Depression and What It Means to Feel Exhausted All the Time

I am exhausted.

I am exhausted of constantly contemplating the correct way to phrase my feelings so that you might understand. I am exhausted of searching within myself to find words that accurately explain how I am feeling.

I am exhausted because I search for words that allow me to place depression and anxiety in a box I can then wrap up with shiny paper and tie with a big sparkly bow.

I am exhausted because my life is messy: It involves sentences that are broken from my sobbing. It involves me screaming into my pillow because I am afraid. It involves sitting on my bedroom floor in silence for hours, feeling numb. It involves anxiety attacks that leave my body feeling like I just ran a 5k. It involves me scrolling through my phone and starting a new message to you four different times before I decide that I shouldn’t reach out because I feel I would be a “burden.”

It involves me sobbing at my kitchen table because I spilled my tea. It involves me calling my mother or my sister to hang up on them 15 times in a row out of frustration, only to finally call them back to apologize for everything. It involves me gasping for breath in a crowded room because it feels like I am drowning. It involves negative thoughts running a marathon in my head.

I am exhausted because no matter how hard I try to use symbolism or metaphors I still never get it right. I attempt to design an experiment that would allow for me to confirm that I have tectonic plates in place of the spaces between the hemispheres in my brain; I am always on the verge of falling apart and destroying everyone around me.

Whenever I cry, I fear that my tears might actually be the rain before a tsunami. I check the weather to see if it predicted showers, offering insight on my mood. Because I never know when it is coming. It takes everything I have, destroying me before it has finished.

Whenever I laugh, I remember I am an active volcano. I look at my seismometer to assess for magma movement. I never forget they can be dormant for years, but then out of nowhere they erupt and they destroy everything that surrounds them, without pause.

When I have a bad day, I hypothesize I am a star that has never burned as brightly as it was intended to, before it started dying. My supporting data includes, but is not limited to, the fact that a majority of people think stars make the night sky pretty and wish upon them. Because we seem to forget that stars are decaying, deteriorating, right before our eyes.

I am exhausted from pretending to be something I am not.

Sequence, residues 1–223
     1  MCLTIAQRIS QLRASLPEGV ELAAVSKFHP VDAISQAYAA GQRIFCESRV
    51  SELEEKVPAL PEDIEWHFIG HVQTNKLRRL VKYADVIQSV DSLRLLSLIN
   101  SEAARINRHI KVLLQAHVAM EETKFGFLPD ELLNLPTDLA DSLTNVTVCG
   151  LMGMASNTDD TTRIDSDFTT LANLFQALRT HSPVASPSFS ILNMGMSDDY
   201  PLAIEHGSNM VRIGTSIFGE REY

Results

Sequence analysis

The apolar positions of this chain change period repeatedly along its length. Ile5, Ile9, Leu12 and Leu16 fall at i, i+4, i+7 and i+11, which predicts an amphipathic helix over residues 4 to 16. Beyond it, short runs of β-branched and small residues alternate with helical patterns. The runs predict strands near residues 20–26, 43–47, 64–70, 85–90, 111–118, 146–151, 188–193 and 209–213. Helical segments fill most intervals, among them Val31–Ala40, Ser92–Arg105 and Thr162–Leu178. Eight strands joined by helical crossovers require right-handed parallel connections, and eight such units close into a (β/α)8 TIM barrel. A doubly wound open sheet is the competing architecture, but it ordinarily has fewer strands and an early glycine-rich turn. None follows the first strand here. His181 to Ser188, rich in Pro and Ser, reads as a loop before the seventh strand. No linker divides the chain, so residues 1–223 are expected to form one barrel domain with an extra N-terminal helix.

We want to hear your story. Become a Mighty contributor here.

Thinkstock photo via SIphotography

Find this story helpful? Share it with someone you care about.

Related to Depression

The Comic Character I Created to Represent My Depression

I started Glop out of necessity. It came out of a point where I my struggles with depression had left me at rock bottom emotionally. This comic gave my mind a more constructive focus for my thoughts and made me reframe all the self-destructive thoughts I had in my head into jokes. Working on this [...]
Portrait of teenage girl in window light

To the Depression I've Known Since I Was 12

The first time I met you, I was 12 years old, huddled in my bed, hands clasping my ears, I begged my parents to stop. They did not. When you told me I was worthless, I would take a step back. Your voice grew louder, and I shriveled. You stayed, and I counted the days until the [...]
woman portrait with blurred effect

The Other Type of Imposter Syndrome

I’ve read a lot about the imposter syndrome that people feel may when they have depression or another mental illness. It’s feeling like an impostor – worried the façade of having it all together will slip and fall if anyone looks too closely. It sends chills up your spine when someone asks you how you [...]
Sad young man looking through the window

Dear Depression, I Want You to Know Why You're Wrong

Dear Depression, I never really know where to start when I talk about you. I can never really pinpoint the very first time you came into my life. You never really came into my life with the abruptness of a train wreck as people imagine. You slid into my shadows as each day progressed. You were [...]